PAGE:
February 2, 2008 in City

From civil war to neighborly help

Pia K. Hansen Staff writer
Dan Pelle photo

Georges Eliow, second from right, and volunteers raise the first wall of Eliow’s Habitat for Humanity home Friday on East Union Avenue.
(Full-size photo)

Thrivent and Habitat

» These three Habitat For Humanity homes are paid for partly by a grant from Thrivent Builds, a program of the nonprofit Thrivent Financial for Lutherans.

» The grant provides 65 percent of the funding and requires another 10 percent of the funding to be raised by local Lutherans. The last 25 percent will come from Habitat-Spokane donors.

» Thrivent Financial for Lutherans committed $125 million to Habitat for Humanity across the nation in 2006. Since then, 650 homes have been built in 46 states, including six in Spokane, as part of the grant program. Habitat-Spokane has built 180 homes in Spokane since its inception in 1987.

» For more information, go to www.habitat-spokane.org or www.thriventbuilds.com.

Eliow Jok Eliow was 12 when he arrived in Spokane in July 2006.

He hadn’t seen his mother, Akout Agang, or his father, Georges Eliow, for almost 10 years. Separated by civil war in Sudan in the ‘90s, the family finally reunited with the help of Valley Fourth Memorial Church. And now the Eliows are taking another big step toward a new life.

Under a winter white sun Friday morning, Georges Eliow and volunteers from Habitat for Humanity raised the first wall of the family’s new home on East Union Avenue in Spokane Valley.

“The first time I talked to Habitat for Humanity, I was too new here. I didn’t qualify,” Georges Eliow said. “But I went right back some months later, and we qualified last year.”

Georges had left the rest of the family – which now also counts three girls, Akon, 7, Nebol, 5 and Adio, 3 – at home Friday because it was so cold, but he said everyone is looking forward to building the house.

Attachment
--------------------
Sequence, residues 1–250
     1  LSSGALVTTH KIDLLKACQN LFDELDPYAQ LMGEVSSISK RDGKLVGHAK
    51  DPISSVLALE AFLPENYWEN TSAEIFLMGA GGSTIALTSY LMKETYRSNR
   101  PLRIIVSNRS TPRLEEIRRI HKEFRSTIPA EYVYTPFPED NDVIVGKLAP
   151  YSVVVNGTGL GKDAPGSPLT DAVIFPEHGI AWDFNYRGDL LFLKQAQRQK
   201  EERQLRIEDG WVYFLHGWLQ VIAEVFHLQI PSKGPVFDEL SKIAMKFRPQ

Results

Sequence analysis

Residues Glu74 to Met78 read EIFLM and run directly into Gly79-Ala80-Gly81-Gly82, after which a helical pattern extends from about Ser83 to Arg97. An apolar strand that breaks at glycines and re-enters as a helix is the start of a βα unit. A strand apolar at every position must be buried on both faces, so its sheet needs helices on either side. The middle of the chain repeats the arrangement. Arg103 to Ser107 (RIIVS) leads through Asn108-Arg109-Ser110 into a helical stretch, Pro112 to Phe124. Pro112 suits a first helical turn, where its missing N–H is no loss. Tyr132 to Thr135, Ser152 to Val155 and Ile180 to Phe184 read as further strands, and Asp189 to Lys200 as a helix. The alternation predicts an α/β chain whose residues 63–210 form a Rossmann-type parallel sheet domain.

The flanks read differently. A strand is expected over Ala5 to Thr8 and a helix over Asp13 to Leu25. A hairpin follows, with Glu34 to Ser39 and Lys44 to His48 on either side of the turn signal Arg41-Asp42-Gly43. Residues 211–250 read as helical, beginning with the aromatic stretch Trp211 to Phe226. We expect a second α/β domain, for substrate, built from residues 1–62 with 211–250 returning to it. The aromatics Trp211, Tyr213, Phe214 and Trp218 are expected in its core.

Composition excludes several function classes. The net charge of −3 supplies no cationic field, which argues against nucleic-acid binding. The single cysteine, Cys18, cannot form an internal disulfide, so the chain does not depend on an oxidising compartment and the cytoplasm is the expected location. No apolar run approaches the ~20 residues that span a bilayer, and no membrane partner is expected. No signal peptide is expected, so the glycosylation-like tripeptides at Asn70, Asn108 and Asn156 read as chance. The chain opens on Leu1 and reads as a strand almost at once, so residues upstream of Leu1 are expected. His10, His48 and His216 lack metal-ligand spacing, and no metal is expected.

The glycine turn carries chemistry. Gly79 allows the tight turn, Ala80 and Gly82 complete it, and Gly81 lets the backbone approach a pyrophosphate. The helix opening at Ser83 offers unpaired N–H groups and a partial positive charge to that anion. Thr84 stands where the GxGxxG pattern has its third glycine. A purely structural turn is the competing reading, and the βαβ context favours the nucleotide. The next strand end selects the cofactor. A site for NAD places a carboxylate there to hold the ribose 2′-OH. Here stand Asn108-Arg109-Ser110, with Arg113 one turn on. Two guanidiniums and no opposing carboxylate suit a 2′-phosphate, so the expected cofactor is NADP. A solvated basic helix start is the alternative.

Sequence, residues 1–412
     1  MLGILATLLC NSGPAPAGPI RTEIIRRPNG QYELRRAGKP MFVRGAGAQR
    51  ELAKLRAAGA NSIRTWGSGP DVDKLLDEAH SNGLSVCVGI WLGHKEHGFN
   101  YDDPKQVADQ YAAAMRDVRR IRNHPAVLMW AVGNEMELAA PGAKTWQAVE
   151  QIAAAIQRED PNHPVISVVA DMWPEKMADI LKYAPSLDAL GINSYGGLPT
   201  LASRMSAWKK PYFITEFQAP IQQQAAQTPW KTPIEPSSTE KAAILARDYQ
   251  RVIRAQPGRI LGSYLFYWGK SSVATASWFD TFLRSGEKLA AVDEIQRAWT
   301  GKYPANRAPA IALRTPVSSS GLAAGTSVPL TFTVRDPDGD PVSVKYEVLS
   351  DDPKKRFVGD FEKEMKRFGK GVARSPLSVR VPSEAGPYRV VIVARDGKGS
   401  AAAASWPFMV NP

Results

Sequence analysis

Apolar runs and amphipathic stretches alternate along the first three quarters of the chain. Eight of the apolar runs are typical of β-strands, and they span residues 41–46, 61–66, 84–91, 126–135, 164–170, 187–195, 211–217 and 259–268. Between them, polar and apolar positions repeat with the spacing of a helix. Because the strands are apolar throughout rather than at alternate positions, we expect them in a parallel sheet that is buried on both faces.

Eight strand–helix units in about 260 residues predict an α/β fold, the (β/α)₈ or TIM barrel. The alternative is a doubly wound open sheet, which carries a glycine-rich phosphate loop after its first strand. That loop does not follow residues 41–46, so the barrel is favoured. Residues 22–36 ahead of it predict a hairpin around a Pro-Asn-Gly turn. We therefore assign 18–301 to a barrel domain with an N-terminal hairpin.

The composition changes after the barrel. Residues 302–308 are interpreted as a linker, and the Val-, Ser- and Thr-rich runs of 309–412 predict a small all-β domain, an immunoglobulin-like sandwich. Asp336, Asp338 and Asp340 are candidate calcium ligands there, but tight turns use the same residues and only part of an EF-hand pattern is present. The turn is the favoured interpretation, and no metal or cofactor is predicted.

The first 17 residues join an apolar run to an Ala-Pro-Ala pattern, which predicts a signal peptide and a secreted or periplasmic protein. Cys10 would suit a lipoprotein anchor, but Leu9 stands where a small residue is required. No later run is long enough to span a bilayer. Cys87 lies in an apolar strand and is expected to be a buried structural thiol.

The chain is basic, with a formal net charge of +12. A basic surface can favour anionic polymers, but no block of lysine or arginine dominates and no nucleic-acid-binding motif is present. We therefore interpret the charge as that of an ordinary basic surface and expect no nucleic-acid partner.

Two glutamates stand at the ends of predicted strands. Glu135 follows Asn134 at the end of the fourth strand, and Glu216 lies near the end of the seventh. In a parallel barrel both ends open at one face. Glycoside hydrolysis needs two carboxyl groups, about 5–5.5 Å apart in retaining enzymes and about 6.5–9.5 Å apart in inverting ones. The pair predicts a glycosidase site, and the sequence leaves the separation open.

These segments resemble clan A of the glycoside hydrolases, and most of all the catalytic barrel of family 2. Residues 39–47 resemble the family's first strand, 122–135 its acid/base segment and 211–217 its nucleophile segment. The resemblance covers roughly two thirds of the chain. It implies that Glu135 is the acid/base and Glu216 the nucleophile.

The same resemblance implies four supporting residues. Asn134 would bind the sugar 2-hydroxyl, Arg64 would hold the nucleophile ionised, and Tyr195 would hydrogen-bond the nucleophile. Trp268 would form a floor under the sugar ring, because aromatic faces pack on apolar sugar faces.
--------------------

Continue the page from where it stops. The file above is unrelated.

“We can do the work, put the gravel down, paint and put the roof on,” he said, looking around the frozen construction site. The family will put in 500 hours of sweat equity.

Two other families are building homes at the same time.

Mike and Kelly Aquino and their children, Brittany, 9, and Dylan, 2, will be the Eliows’ neighbors on one side. Kelly Aquino is pregnant, and the family lives in a one-bedroom apartment so small the only place for Dylan’s crib is in the kitchen.

On the other side, Kim Dang will be moving in.

Dang is from Vietnam and was re-united with her family in Spokane in 1999.

“After living in the U.S. for five years, my parents and sister became U.S. citizens (and) sponsored 10 of us, including eight sisters, our brother and my daughter,” Dang wrote in an essay about her family. “Two months from the day I arrived in the U.S. I found a job.” The Dang family has been living in a three-bedroom house.

Georges Eliow can’t wait to get started on the project.

“We can do anything they need us to. This is our house,” he said with a big smile.

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